Many years ago, and very randomly, I took part in a focus group about abortion. I was never terribly sure on what grounds we participants had been selected – we varied in age from late teens to sixties, and in experience from never having had children, never having had an abortion, to having had several children and indeed, in one case, several abortions. Nor was I ever terribly clear why the focus group was held. But it was interesting to hear other women’s thoughts and experiences, and it clarified a number of things for me in what I thought about it.
The key thing that I had never really thought about before was that I – as a female growing up in the emancipated late 20th and early 21st centuries – absolutely took it for granted that abortion would be amongst the options from which I would be able to make a choice at some point if necessary. Not everyone wants to be a mother; not everyone is suitable to be a mother; and, let’s face it – it IS still, of course, women who carry the vast majority of the responsibility for raising children.
Control over your fertility is one of the key advances in feminism, and as I’ve argued before, control (in general) over your life and your situation is one of the major ways in which people feel happy, optimistic and fulfilled.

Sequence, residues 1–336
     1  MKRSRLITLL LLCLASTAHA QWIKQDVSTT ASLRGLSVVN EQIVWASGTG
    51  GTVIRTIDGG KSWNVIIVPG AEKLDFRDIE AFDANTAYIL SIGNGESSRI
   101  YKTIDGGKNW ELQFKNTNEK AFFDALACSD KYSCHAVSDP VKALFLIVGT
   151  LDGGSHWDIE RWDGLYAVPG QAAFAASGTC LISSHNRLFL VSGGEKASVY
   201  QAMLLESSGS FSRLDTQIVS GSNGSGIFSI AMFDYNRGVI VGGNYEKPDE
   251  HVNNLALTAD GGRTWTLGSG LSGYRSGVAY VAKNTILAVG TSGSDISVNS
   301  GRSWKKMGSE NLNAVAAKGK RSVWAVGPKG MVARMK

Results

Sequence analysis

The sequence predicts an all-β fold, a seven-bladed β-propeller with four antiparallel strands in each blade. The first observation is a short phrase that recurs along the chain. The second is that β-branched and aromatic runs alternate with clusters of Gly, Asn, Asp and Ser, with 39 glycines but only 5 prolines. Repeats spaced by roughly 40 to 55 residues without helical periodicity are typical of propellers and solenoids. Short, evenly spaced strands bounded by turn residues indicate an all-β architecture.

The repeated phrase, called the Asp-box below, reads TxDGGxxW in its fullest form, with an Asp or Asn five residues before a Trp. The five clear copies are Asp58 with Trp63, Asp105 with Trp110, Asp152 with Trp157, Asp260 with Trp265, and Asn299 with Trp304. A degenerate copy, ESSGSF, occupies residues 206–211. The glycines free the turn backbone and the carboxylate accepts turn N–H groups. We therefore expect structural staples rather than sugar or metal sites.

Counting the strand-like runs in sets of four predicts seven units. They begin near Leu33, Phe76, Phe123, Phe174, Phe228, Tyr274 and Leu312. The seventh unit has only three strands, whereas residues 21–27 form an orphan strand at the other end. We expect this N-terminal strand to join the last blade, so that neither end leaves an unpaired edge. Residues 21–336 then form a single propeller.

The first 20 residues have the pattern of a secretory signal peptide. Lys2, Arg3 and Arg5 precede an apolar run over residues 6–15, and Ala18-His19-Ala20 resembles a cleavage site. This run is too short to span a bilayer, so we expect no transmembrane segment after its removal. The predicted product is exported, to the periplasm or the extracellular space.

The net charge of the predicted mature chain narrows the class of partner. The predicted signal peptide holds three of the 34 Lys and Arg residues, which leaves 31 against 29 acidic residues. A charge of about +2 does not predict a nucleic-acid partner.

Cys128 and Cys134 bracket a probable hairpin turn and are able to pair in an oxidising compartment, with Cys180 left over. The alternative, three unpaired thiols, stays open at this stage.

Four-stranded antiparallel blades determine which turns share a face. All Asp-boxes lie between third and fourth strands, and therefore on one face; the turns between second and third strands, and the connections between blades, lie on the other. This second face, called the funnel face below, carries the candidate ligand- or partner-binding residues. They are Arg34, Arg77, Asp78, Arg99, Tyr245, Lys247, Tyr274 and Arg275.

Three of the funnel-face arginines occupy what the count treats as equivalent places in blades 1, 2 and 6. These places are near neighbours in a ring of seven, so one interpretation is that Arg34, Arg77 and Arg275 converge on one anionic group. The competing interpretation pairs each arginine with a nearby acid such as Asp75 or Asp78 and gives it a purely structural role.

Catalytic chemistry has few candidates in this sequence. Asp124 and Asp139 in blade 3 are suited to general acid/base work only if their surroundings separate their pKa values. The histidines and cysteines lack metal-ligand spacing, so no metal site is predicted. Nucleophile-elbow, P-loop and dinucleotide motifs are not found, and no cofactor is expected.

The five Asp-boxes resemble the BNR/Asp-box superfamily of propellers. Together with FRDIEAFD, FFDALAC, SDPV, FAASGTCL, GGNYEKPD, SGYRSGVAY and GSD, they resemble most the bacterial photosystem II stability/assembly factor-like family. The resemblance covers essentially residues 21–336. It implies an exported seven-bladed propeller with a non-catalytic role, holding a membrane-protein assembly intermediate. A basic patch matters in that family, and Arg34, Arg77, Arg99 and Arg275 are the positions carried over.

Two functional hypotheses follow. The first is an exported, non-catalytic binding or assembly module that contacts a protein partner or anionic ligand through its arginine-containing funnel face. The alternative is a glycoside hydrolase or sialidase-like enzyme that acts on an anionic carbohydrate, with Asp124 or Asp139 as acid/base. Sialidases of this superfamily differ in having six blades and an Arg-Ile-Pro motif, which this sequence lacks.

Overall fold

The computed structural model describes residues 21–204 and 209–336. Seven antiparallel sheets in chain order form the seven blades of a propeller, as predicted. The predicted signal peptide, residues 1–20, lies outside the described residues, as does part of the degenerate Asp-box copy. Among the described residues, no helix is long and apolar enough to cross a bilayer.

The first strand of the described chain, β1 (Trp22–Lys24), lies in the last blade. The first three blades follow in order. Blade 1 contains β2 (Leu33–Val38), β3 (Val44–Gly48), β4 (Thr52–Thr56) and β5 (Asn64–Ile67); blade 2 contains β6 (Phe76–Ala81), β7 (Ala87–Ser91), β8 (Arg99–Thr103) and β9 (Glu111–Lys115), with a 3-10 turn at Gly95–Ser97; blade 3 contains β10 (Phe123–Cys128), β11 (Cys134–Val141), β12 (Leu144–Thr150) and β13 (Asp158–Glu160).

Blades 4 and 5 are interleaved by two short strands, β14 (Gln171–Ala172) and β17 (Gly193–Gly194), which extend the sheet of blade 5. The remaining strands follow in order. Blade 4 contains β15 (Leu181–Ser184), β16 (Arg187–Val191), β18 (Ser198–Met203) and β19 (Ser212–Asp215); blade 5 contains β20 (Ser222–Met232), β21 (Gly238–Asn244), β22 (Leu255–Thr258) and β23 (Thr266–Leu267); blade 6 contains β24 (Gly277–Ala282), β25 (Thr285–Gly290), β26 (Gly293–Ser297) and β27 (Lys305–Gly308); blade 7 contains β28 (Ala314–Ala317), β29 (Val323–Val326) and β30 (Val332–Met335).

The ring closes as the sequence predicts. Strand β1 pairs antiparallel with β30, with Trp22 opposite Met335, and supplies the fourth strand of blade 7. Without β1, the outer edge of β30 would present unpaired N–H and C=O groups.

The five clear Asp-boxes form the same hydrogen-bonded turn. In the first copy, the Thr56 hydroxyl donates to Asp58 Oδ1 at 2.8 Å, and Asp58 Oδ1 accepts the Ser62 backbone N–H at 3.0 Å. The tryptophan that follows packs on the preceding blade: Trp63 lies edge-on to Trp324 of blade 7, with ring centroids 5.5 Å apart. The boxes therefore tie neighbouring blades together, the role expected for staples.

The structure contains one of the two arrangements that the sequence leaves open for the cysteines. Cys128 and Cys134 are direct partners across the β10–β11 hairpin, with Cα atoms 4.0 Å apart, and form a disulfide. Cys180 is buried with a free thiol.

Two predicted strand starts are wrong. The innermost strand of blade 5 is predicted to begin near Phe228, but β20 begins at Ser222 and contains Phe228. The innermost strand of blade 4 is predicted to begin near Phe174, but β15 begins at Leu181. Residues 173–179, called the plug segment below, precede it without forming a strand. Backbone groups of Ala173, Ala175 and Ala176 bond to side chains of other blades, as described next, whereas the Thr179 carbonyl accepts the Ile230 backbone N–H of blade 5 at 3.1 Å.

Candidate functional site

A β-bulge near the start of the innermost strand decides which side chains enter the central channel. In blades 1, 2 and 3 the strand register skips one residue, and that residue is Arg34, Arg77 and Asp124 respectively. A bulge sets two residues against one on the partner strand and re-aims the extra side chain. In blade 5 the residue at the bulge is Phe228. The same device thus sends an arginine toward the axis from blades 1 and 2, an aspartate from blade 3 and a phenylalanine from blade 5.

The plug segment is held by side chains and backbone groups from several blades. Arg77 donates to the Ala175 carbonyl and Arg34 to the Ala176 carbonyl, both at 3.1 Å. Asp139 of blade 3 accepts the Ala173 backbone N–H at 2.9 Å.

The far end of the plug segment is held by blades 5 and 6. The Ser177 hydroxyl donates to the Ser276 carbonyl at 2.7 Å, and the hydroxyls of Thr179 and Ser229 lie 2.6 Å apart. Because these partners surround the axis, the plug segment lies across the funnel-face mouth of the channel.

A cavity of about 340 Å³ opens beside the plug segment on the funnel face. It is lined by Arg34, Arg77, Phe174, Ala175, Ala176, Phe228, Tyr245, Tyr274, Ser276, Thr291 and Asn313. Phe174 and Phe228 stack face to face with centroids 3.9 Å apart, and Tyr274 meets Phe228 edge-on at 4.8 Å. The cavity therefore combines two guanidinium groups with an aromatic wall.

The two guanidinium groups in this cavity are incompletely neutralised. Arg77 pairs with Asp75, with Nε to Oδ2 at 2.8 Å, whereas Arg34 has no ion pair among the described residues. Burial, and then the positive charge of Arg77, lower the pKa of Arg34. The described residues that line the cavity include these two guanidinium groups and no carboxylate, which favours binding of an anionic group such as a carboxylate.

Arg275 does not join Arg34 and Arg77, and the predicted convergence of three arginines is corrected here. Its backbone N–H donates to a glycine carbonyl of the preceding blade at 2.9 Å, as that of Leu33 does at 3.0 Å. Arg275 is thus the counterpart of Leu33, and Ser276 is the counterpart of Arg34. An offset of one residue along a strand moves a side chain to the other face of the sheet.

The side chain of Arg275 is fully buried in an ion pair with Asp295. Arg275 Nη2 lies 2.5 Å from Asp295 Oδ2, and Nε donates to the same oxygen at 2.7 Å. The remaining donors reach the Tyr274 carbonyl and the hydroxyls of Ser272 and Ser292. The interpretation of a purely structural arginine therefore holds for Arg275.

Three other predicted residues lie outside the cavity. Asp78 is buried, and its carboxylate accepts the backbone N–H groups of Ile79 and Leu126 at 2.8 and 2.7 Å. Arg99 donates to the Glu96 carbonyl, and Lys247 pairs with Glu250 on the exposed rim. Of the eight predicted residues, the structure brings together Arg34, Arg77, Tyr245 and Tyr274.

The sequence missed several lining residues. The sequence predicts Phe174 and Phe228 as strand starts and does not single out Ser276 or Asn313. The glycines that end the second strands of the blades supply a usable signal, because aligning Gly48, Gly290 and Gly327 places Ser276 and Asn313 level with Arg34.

Nadine Dorries’ proposed changes to the way abortions are offered in the UK have two main dangers. The first is that – as with her abstinence nonsense – she suggests something that sounds relatively reasonable until you question why she is suggesting it, and what it really means. Her claim that there would be 60,000 fewer abortions each year in the UK is dangerous and disingenuous – what sort of situation would those children be born into?
The second is actually far more dangerous to feminism, women and indeed people in general. It is that she is suggesting that we cannot make decisions for ourselves, and that we cannot be trusted to decide for ourselves what sort of information we want.
I am all for sensible discussion of medical facts. But I absolutely defend my right to decide for myself whether I want children and when I want them. And I think the fact that a woman is able to have children with no interference from anyone if she so chooses means as well that there is absolutely no case for anyone else to decide what sort of information or persuasion I must be given if I exercise my right to choose one way or another.